Saturday, July 16, 2011

TV on DVD: The Shield (Season Four, Discs Two, Three & Four)

Episodes covered:  Tar Baby, Insurgents, Hurt, Cut Throat, String Theory, Back in the Hole, A Thousand Deaths, Judas Priest, Ain’t That a Shame

It is a mark of The Shield’s unpredictable plotting that season four’s major storyline’s reach their dramatic climax not in the season finale (“Ain’t That a Shame”), but in the extended-length tenth episode “Back in the Hole.”  At times, the series’ messy, cases-piling-on-top-of-each-other style of storytelling can be frustrating, as certain plot elements seem to get short thrift or disappear altogether in favor of unnecessarily repetitive character arcs or insignificant standalone cases.  But the busy layering of plots also gives the series a lifelike pacing that contrasts nicely with its amped-up action movie tone, and allows the storylines to organically reach the dramatic high points that make “Back in the Hole” The Shield’s best episode to this point.

The payoff was particularly strong for season four’s two most prominent new characters, Monica Rawling and Antwan Mitchell.  It is a testament to Glenn Close and Anthony Anderson’s fully lived-in performances that these new faces were able to suggest enough personal history to make their ferociously intense interrogation sequence in “Back in the Hole” feel like the culmination of four seasons of character-building rather than ten episodes of plotting.  The writers spent the middle part of the season turning Antwan into a disappointingly typical villain (particularly in the final scene of “Tar Baby,” where his moustache-twirling murder of a young girl informant didn’t jibe with the much more ambiguous community leader we’d been introduced to at the beginning of the season), but the full complexity of the character immediately clicks into place during his interrogation.  As Rawling picks away at Antwan’s psychological defenses, reminding him of his years as a powerless abused child, tears well up in the gang leader’s eyes, and suddenly this charismatic cypher feels like a real, complicated human being.

Though Rawling’s grilling of Antwan is ruthless, it is clear that her desire to put him behind bars is based on a sincere and passionate desire for justice.  It is impressive that Close and the writers never turned Rawling into a villain, even though she was essentially the Dick Cheney figure in this season’s blunt Iraq war metaphor.  Her zero-tolerance, morally inflexible tactics represent a different type of corruption than the ass-covering, bending-the-rules modus operandi of the rest of The Shield’s ethically ambiguous characters, and the show was able to get a lot of mileage out of the collision of her well-meaning brand of injustice and the other characters’ more self-serving forms of moral turpitude.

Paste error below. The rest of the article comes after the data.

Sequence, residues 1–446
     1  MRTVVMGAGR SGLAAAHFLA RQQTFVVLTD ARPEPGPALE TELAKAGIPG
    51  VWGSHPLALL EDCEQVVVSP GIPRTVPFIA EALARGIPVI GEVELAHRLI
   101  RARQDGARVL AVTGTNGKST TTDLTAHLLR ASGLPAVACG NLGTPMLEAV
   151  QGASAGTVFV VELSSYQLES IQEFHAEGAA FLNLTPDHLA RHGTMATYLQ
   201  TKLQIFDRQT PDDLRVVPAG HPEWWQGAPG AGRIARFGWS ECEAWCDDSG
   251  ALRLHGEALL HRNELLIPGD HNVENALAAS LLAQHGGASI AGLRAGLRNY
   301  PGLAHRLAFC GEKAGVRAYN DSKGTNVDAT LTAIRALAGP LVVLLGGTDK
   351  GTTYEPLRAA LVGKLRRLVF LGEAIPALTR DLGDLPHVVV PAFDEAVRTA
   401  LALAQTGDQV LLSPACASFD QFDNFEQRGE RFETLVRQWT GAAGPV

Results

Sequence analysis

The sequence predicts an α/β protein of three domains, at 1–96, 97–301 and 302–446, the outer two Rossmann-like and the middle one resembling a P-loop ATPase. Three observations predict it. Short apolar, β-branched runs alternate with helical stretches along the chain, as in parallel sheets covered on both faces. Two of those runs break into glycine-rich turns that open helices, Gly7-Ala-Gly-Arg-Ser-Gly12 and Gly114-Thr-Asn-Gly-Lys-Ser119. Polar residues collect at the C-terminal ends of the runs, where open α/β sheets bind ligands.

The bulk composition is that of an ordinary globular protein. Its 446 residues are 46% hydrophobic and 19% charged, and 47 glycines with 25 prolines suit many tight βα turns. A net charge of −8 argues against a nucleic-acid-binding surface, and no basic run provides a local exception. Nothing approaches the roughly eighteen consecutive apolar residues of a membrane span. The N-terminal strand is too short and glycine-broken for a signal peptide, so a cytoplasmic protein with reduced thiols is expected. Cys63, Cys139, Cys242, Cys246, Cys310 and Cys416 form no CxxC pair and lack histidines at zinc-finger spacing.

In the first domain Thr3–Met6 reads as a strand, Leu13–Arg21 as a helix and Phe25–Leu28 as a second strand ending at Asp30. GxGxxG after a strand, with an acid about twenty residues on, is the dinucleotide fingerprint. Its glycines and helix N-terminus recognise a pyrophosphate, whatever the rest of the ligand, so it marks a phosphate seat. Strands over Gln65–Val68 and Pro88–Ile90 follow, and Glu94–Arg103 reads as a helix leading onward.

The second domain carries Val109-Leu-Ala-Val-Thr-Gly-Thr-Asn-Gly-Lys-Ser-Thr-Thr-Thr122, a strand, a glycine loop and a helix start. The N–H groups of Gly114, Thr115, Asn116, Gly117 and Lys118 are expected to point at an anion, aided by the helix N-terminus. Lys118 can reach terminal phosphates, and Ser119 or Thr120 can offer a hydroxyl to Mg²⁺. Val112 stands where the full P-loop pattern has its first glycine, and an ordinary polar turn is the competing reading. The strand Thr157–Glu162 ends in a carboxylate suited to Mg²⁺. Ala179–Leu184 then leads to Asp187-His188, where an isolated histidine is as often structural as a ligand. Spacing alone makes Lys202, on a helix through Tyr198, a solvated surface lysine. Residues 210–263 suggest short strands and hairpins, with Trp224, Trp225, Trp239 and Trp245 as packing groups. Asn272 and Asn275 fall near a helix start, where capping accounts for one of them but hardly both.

While season four’s new major characters provided a riveting counterpoint to the established players, the development of many of the show’s longer running storylines had a mixed success rate.  It was interesting to see the Strike Team working separately and at odds at the beginning of the season, especially during the stretch where Shane was essentially functioning as the dark mirror version of Vic (just as ethically compromised but with less competence).  But the writers quickly dropped the storyline about Antwan blackmailing Shane into killing Vic in favor of the more familiar and less tense storyline of the Strike Team coming together to get Shane out of his mess.  The fact that the old team wound up working together for most of the season despite technically being assigned to different precincts undercut the power of their tenuous reconciliation at the end of the season, and also made the introduction of Shane’s vice squad partner Army seem borderline pointless.  Here’s hoping that if Army  returns in season five, the writers find something for Michael Pena to do, because he was largely wasted as Shane’s lackey.

The Strike Team has always been The Shield’s most problematic partnership, and over the years they’ve largely proven less interesting than the Barn’s other teams.  Dutch and Claudette’s season-long investigation of a series of convenience store crimes wasn’t terribly compelling in and of itself, but it did provide a stable framework for exploiting the tension that had been growing in their partnership since late in season three.  The payoff in “Ain’t That a Shame,” which found Dutch turning down a promotion in favor of sticking by Claudette, even though her morally uncompromising ways make the partners the outcasts of the Barn, was truly the culmination of four years of smart character-building.